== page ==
The PCB layout of a DC-DC converter is critical for optimal performance of the application. For a buck converter the input loop formed by the input capacitors and power grounds are very critical. The input loop carries fast transient currents that cause larger transient voltages when reacting with a parasitic loop inductance. The IC uses two input loops in parallel IN1 and IN2 as shown in Figure 11-1 that cuts the parasitic input inductance in half. To get the minimum input loop area two small high frequency capacitors CIN1 and CIN2 are placed as close as possible.
To further reduce inductance, an input current return path should be placed underneath the loops IN1 and IN2. The closest metal plane is MID1 Layer2, and there is a solid copper plane placed right under the IN1 and IN2 loop the parasitic loop inductance is minimized. Connecting this MID1 Layer2 plane to GND provides a nice bridge connection between GND1 and GND2 as well. Minimizing the parasitic input loop inductance will minimize switch node ringing and EMI.
The output current loop can be optimized as well by using two ceramic output caps COUT1 and COUT2, one on each side. They form two parallel ground return paths OUT1 from COUT1 back to the low-side FET PGND1 pins 5, 6, 7, 8, and a second symmetric ground return path OUT2 from COUT2 back to low-side FET PGND2 pins 10, 11, 12, and 13. Having two parallel ground return paths yield reduced ground bouncing and reduced sensitivity of surrounding circuits.
Providing adequate thermal paths to dissipate heat is critical for operation at full current. The recommended method for heat dissipation is to use large solid 2-oz copper planes well connected to the power pins VIN1, VIN2, GND1, and GND2 which transfer the heat out of the IC over the TOP Layer1 copper planes. It is important to leave the TOP Layer1 copper planes as unbroken as possible so that heat is not trapped near the IC. The heat flow can be further optimized by thermally connecting the TOP Layer1 plane to large BOTTOM Layer 4 2-oz copper planes with vias. MID2 Layer3 is then open for all other signal routing. A fully filled or solid BOTTOM Layer4 ground plane without any interruptions or ground splitting is beneficial for EMI as well. Most important for low EMI is to use the smallest possible switch node copper area. The switch node including the CBOOT cap has the largest dV/dt signal causing common-mode noise coupling. Using any kind of grounded shield around the switch node shortens and reduces this e-field.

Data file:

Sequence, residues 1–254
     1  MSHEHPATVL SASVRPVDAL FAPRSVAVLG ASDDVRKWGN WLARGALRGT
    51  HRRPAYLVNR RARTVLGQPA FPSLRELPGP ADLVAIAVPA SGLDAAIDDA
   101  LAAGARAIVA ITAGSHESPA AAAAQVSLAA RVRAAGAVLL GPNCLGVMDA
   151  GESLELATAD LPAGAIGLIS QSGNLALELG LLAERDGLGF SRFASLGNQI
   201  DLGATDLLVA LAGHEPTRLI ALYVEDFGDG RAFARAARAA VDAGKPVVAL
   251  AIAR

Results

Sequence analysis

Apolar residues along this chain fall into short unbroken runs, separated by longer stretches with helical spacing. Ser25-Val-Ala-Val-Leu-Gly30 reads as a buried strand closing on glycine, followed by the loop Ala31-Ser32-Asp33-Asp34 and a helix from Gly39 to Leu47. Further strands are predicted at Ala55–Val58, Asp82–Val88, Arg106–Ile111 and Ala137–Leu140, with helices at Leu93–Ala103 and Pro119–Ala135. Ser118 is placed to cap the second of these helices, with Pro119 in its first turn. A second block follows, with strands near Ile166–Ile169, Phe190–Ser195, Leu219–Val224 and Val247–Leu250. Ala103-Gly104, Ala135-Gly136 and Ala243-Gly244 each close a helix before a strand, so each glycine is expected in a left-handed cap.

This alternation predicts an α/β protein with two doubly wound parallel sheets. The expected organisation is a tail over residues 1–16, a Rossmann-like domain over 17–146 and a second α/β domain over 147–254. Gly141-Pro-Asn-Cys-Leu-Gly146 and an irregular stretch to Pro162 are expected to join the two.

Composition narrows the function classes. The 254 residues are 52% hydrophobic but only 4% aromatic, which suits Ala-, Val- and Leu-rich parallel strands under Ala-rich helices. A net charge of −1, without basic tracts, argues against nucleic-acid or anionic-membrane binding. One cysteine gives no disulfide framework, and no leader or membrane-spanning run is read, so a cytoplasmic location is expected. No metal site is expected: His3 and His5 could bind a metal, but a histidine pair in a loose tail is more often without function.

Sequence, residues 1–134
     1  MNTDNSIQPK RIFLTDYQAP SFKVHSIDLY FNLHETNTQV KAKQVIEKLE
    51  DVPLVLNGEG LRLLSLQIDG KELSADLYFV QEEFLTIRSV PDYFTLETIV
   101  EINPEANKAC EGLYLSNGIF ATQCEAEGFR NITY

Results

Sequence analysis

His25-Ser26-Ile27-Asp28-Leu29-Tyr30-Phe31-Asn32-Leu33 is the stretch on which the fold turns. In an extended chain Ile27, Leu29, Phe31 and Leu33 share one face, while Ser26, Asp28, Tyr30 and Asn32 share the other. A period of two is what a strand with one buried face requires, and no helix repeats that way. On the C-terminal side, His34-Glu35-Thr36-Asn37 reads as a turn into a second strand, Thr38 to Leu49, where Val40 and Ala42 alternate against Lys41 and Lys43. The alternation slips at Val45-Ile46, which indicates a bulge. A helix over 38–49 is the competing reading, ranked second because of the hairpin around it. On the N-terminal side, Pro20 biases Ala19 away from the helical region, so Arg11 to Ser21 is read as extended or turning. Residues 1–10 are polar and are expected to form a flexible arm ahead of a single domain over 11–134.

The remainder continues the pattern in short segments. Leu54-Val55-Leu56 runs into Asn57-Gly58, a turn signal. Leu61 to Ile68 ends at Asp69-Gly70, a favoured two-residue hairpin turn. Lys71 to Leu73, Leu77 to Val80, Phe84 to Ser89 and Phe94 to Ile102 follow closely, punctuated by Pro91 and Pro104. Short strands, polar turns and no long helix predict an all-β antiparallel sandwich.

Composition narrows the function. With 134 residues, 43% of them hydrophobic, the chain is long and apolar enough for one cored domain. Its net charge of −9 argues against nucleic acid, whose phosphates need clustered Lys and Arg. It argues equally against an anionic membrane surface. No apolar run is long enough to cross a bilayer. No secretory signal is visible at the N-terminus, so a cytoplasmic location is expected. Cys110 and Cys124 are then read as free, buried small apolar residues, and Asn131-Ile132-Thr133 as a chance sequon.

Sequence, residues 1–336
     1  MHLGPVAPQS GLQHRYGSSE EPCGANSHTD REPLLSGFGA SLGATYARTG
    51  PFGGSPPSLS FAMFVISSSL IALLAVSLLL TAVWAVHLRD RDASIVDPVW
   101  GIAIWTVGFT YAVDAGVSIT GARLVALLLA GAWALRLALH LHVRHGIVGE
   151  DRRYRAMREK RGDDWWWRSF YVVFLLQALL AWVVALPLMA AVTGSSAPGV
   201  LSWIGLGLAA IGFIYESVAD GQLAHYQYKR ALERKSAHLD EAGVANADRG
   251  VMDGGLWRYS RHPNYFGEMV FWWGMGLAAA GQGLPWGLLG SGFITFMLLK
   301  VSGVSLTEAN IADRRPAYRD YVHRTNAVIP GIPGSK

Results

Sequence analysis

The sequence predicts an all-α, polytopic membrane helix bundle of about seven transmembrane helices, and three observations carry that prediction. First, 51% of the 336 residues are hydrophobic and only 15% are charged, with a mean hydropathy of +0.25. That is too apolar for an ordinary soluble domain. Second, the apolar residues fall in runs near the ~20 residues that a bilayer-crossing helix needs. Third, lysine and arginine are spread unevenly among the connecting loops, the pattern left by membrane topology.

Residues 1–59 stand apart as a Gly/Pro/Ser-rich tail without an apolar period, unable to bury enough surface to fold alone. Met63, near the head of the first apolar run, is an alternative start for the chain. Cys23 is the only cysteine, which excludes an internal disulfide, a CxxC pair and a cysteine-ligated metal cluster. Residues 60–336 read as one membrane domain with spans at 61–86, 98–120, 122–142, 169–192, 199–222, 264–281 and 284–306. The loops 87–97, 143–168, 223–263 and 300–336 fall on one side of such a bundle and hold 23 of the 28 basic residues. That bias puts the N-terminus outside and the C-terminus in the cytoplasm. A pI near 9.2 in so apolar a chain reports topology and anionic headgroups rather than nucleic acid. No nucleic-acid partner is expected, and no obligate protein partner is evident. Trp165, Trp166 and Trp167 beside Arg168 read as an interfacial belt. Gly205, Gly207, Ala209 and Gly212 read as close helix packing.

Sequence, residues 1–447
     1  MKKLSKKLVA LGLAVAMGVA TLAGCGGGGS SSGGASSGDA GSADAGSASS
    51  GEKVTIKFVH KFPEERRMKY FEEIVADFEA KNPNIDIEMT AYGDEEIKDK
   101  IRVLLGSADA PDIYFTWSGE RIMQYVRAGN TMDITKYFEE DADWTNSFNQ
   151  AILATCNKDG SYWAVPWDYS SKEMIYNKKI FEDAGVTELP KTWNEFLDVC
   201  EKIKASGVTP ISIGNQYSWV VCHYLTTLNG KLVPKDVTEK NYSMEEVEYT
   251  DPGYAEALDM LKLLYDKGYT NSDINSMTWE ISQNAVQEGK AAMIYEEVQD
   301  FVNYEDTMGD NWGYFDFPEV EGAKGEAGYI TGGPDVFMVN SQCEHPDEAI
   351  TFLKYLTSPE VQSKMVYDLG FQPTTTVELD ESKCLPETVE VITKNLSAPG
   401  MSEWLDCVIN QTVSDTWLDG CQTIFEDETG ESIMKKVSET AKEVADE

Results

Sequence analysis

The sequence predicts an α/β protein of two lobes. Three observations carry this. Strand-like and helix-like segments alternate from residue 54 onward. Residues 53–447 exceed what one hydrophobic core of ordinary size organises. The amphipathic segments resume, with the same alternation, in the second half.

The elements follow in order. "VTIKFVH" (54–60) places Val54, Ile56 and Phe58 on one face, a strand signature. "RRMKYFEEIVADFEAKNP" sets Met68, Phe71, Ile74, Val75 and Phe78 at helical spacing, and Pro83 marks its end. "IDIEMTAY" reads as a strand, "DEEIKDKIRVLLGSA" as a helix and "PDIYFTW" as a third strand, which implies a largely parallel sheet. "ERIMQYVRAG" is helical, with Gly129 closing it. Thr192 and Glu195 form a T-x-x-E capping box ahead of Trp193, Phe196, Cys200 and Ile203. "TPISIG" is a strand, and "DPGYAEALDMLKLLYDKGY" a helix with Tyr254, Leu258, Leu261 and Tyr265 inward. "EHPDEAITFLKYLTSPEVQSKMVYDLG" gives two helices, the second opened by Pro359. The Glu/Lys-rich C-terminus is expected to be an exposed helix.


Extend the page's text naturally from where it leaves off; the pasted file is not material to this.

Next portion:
All these DC-DC converter descriptions can be transformed into layout guidelines:
The resources in Section 12 provide additional important guidelines.